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Iceland and U.S. sign technological R&D cooperation agreement

Well heads at Hellisheidi power plant of Reykjavik Energy (source: flickr/thinkgeonergy, creative commons)
Alexander Richter 8 Oct 2010

Iceland and the United States sign a bilateral agreement on scientific and technological cooperation on geothermal research and development, as part of multinational meetings in Iceland.

Iceland and the United States signed a bilateral agreement aimed at increasing the world’s understanding of advanced geothermal technologies and accelerating their deployment. The agreement was signed by U.S. Ambassador to Iceland, Luis Arreaga, and Icelandic Minister of Industry, Energy, and Tourism, Katrín Júlíusdóttir.

The new agreement, entitled “Scientific and Technological Cooperation on Geothermal Research and Development,” was established cooperatively by the U.S. Department of Energy and Iceland’s Ministry of Industry, Energy, and Tourism.

It is designed to allow an exchange of researchers, joint projects, and education initiatives to accelerate advanced geothermal development, and to identify key obstacles to increasing the use of this renewable energy resource. Demonstrating cutting-edge geothermal technologies will reduce the dependence on fossil fuels in both countries, while significantly cutting carbon pollution and creating new jobs in geothermal research, deployment and operations.

The signing of the bilateral agreement between the United States and Iceland punctuates a week of international meetings on geothermal energy held October 3-9 in Reykjavik, Iceland. During the meetings, representatives from nations across the globe engaged in working group sessions to help facilitate the development of advanced, cost-effective geothermal technologies, increase the availability of these technologies internationally, and identify and address wider issues relating to geothermal energy.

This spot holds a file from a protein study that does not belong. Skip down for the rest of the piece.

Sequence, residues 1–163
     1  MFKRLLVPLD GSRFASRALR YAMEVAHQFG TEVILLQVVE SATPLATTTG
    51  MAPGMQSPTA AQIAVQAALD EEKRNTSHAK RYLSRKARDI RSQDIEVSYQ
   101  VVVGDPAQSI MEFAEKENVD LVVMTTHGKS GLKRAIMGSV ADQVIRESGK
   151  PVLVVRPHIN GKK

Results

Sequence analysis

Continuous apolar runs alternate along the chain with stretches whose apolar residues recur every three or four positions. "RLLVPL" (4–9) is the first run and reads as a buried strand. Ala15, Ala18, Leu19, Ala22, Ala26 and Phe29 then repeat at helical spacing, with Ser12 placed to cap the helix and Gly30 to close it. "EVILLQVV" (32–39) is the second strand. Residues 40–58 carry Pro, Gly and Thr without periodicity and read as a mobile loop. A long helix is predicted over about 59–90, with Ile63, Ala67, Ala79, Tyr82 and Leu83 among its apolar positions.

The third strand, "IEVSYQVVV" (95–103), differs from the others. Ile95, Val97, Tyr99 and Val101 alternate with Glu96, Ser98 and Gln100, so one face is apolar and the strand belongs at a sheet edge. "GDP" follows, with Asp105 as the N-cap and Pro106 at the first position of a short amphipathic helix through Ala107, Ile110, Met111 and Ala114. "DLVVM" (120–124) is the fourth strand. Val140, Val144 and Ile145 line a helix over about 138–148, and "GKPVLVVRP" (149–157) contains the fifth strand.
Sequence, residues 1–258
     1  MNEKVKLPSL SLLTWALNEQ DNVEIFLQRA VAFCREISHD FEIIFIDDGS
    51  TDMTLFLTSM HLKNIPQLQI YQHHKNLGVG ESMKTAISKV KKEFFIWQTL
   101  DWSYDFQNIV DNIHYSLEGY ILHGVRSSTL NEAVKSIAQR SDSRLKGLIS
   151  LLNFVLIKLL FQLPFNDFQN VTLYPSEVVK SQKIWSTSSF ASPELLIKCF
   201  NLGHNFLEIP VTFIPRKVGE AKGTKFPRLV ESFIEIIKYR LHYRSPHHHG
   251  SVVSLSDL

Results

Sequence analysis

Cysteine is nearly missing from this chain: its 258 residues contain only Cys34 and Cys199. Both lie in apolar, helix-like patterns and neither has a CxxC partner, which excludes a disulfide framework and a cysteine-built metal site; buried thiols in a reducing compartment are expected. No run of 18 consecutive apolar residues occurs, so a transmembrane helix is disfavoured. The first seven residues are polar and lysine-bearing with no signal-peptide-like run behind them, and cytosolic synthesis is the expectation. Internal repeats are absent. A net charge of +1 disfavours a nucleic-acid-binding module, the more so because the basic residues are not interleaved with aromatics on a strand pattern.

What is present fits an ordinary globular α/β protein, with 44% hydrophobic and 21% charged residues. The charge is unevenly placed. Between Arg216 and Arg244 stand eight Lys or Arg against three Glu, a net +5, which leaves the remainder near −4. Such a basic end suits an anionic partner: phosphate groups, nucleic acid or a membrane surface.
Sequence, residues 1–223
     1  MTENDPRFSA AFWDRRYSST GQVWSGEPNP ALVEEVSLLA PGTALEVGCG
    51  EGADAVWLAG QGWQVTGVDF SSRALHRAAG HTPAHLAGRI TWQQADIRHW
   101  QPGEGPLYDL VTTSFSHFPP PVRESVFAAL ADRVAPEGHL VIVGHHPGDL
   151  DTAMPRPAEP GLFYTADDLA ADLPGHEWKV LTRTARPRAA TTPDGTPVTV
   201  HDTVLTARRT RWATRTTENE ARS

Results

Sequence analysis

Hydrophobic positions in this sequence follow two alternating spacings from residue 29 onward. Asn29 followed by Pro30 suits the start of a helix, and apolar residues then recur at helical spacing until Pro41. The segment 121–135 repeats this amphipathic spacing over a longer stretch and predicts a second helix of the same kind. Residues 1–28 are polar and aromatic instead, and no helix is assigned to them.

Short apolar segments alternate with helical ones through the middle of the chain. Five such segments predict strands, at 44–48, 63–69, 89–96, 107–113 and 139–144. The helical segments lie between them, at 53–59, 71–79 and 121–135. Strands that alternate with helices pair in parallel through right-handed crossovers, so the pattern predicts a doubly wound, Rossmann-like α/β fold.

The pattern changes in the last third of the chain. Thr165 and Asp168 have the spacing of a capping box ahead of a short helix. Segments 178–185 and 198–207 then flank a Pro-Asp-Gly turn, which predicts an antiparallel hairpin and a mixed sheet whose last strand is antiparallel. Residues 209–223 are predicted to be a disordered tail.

Nations represented in this week’s events include Australia, Belgium, Canada, Czech Republic, France, Germany, Greece, Iceland, Italy, Japan, Mexico, New Zealand, Netherlands, Norway, Republic of Korea, Slovakia, Spain, Switzerland, and the United States.

The International Partnership for Geothermal Technology (IPGT) also hosted meetings in Iceland this week where it welcomed Switzerland as its newest member country. The IPGT, chartered in 2008 by DOE, the Australian Ministry of Resources, Energy and Tourism, and the Icelandic Ministry of Industry, Energy, and Tourism, focuses on cutting-edge geothermal technologies that will help ensure energy security and address global climate change by expanding the deployment of baseload, renewable energy from geothermal resources. Switzerland is the fourth nation to join the IPGT.